Bazaar Architectural Overview

This document describes the key classes and concepts within Bazaar. It is intended to be useful to people working on the Bazaar codebase, or to people writing plugins.

If you have any questions, or if something seems to be incorrect, unclear or missing, please talk to us in irc://, or write to the Bazaar mailing list. To propose a correction or addition to this document, send a merge request or new text to the mailing list.

The current version of this document is available in the file doc/developers/overview.txt in the source tree, and from <>.

See also:


Essential Domain Classes

The core domain objects within the bazaar model are:

Transports are explained below. See for an introduction to the other key classes.


The Transport layer handles access to local or remote directories. Each Transport object acts as a logical connection to a particular directory, and it allows various operations on files within it. You can clone a transport to get a new Transport connected to a subdirectory or parent directory.

Transports are not used for access to the working tree. At present working trees are always local and they are accessed through the regular Python file I/O mechanisms.

Filenames vs URLs

Transports work in terms of URLs. Take note that URLs are by definition only ASCII - the decision of how to encode a Unicode string into a URL must be taken at a higher level, typically in the Store. (Note that Stores also escape filenames which cannot be safely stored on all filesystems, but this is a different level.)

The main reason for this is that it's not possible to safely roundtrip a URL into Unicode and then back into the same URL. The URL standard gives a way to represent non-ASCII bytes in ASCII (as %-escapes), but doesn't say how those bytes represent non-ASCII characters. (They're not guaranteed to be UTF-8 -- that is common but doesn't happen everywhere.)

For example, if the user enters the URL http://example/%e0, there's no way to tell whether that character represents "latin small letter a with grave" in iso-8859-1, or "latin small letter r with acute" in iso-8859-2, or malformed UTF-8. So we can't convert the URL to Unicode reliably.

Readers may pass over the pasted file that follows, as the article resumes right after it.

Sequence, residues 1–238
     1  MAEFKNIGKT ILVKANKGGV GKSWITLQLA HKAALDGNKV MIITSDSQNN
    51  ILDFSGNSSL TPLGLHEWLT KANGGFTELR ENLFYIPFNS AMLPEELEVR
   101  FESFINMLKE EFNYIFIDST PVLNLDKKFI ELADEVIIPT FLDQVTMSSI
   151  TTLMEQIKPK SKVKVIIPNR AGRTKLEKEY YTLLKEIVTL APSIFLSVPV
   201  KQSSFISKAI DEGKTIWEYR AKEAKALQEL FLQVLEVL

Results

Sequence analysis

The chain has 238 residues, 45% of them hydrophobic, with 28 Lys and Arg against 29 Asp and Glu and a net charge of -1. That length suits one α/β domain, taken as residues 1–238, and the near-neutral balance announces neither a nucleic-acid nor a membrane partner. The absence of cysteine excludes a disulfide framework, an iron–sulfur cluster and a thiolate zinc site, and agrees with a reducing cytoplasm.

Equally problematic is if we're given a URL-like string containing (unescaped) non-ASCII characters (such as the accented a). We can't be sure how to convert that to a valid (i.e. ASCII-only) URL, because we don't know what encoding the server expects for those characters. (Although it is not totally reliable, we might still accept these and assume that they should be put into UTF-8.)

A similar edge case is that the URL http://foo/sweet%2Fsour contains one directory component whose name is "sweet/sour". The escaped slash is not a directory separator, but if we try to convert the URL to a regular Unicode path, this information will be lost.

This implies that Transports must natively deal with URLs. For simplicity they only deal with URLs; conversion of other strings to URLs is done elsewhere. Information that Transports return, such as from list_dir, is also in the form of URL components.


Repositories store committed history: file texts, revisions, inventories, and graph relationships between them.

Stacked Repositories

A repository can be configured to refer to a list of "fallback" repositories. If a particular revision is not present in the original repository, it refers the query to the fallbacks.

Compression deltas don't span physical repository boundaries. So the first commit to a new, empty repository with fallback repositories will store a full text of the inventory, and of every new file text.

At runtime, repository stacking is actually configured by the branch, not the repository. So doing a_bzrdir.open_repository() gets you just the single physical repository, while a_bzrdir.open_branch().repository gets one configured with a stacking. Therefore, to permanently change the fallback repository stored on disk, you must use Branch.set_stacked_on_url.

Changing away from an existing stacked-on URL will copy across any necessary history so that the repository remains usable.

A repository opened from an HPSS server is never stacked on the server side, because this could cause complexity or security problems with the server acting as a proxy for the client. Instead, the branch on the server exposes the stacked-on URL and the client can open that.